Overcoming the Winter Blues

If you’ve been feeling down, irritable, or low on energy or if you’ve been craving sweet or starchy foods or sleeping more or less than usual, you may be experiencing a type of depression that’s common in the winter months, per the National Sleep Foundation. As the hours of daylight decrease and the temperature outside gets chilly during the winter, many people experience mental health disorder symptoms like these. You can take steps to ease these symptoms:

Expose yourself to light

Since a shortage of sun exposure is part of what can exacerbate your depression symptoms, sit by a bright window or go out for a walk during the day. If this doesn’t give you enough of a mood boost, consider investing in a lightbox, which can also help with insomnia. The light will suppress the release of melatonin (which makes you sleepy) and trigger the release of brain chemicals that are linked to a more upbeat mood.

Stick with a healthy diet

Rather than indulging in lots of creamy, cheesy, starchy, or sugary comfort foods, make or order satisfying, produce-based items. Choose vegetable soups and stews, baked or roasted apples and pears, and you’ll get the hearty and filling sensations that you want without consuming excessive calories. This healthy diet will not only improve your mental health and well-being but your physical being as well. 

Stay active 

Don’t hibernate or stay cooped up inside. Bundle up and enjoy outdoor activities like ice skating, snowshoeing, building a snowman with your kids, or going for a walk in the snow. Get together with friends and see movies or go to museums. Engage in fun activities with your kids at home like playing board games or doing arts and crafts while drinking warm cider.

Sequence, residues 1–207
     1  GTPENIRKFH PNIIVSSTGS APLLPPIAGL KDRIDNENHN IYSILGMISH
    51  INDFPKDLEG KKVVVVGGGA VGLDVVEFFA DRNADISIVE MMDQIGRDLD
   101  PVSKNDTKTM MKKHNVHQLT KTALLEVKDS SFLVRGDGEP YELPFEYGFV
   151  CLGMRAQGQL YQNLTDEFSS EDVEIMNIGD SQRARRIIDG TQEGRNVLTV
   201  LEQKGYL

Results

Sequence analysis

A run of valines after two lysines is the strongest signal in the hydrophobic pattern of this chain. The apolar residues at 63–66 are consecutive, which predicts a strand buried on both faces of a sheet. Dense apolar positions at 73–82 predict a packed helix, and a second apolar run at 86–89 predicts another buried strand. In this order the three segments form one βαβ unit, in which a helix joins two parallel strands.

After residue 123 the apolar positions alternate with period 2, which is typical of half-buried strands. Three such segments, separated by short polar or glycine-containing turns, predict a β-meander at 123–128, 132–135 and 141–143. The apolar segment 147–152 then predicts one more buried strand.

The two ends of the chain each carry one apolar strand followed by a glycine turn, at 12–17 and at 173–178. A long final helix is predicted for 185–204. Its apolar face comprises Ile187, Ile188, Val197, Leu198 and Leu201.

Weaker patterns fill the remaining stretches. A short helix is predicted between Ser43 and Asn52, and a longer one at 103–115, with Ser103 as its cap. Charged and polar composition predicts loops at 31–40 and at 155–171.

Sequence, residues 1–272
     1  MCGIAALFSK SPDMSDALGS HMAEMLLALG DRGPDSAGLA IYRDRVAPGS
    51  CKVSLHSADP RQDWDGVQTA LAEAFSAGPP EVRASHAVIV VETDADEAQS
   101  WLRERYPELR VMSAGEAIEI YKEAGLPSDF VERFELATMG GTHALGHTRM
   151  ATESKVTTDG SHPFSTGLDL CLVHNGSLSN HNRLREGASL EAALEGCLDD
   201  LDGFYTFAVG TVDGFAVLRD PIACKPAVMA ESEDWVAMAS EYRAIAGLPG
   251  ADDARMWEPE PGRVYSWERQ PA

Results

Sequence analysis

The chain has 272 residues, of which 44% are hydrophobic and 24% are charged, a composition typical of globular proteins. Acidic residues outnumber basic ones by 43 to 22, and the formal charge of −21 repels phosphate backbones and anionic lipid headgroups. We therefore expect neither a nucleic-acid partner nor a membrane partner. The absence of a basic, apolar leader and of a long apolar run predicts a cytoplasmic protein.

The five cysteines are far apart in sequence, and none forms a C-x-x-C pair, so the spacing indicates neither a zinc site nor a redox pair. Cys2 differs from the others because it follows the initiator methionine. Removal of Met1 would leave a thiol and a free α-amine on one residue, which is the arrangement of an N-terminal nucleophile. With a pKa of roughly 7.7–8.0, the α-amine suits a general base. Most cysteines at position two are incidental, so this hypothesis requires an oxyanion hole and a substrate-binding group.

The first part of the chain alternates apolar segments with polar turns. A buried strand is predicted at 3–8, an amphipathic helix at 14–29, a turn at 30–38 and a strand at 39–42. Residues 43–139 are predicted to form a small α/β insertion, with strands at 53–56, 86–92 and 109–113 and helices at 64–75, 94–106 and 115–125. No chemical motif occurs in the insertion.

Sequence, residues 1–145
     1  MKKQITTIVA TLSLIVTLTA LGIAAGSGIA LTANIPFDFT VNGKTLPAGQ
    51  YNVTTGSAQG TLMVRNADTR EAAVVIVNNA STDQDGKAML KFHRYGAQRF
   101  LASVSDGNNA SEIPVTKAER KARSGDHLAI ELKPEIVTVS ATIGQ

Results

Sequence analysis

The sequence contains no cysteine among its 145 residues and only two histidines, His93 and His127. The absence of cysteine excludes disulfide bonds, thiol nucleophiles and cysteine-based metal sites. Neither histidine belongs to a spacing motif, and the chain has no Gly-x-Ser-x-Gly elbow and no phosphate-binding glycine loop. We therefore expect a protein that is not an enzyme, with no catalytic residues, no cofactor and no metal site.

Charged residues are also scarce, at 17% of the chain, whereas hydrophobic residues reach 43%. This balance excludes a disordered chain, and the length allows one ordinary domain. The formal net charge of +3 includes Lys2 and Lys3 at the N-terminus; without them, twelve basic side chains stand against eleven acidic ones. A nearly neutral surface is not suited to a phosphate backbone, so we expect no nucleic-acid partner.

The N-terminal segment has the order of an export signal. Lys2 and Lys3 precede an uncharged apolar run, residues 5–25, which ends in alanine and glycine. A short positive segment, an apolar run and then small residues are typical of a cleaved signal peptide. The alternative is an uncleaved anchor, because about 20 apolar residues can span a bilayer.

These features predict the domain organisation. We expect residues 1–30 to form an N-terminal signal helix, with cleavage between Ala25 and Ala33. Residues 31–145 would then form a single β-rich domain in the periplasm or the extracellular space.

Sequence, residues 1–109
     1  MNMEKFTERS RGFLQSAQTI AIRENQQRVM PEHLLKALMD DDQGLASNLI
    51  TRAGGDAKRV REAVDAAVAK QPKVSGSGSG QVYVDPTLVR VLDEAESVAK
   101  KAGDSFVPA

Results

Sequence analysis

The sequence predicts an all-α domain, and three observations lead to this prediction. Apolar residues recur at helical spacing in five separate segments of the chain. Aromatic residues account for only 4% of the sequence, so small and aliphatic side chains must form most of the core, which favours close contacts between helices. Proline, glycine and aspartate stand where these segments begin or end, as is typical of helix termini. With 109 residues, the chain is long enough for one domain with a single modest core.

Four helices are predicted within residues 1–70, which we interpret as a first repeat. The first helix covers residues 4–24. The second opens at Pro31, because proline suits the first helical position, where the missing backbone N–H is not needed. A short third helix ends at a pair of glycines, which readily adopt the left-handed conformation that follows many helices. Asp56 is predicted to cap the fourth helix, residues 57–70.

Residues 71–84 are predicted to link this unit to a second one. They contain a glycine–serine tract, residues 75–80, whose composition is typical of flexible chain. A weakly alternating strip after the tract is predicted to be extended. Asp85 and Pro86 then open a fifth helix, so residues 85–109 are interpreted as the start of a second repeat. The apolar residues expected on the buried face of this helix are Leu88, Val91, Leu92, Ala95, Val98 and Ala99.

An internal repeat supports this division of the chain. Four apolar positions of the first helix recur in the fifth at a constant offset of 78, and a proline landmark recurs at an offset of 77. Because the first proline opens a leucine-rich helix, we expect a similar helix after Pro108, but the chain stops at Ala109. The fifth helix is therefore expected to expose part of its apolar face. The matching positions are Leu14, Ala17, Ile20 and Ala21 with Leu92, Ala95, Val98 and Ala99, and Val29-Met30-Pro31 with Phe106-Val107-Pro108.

Seek professional help 

If you can’t beat feelings of seasonal depression, see a psychologist who specializes in cognitive behavioral therapy, which may have longer-lasting benefits than light therapy. And ask your PCP whether you’re a good candidate for antidepressants (such as the selective serotonin reuptake inhibitors or SSRIs) that can provide a mood-boosting effect. Keep in mind that it can take several weeks to feel a noticeable difference with these drugs.

Hospital for Behavioral Medicine is here for you as well, join us for a partial hospitalization program (PHP) or intense outpatient program (IOP), for a diagnostic evaluation and group therapy.

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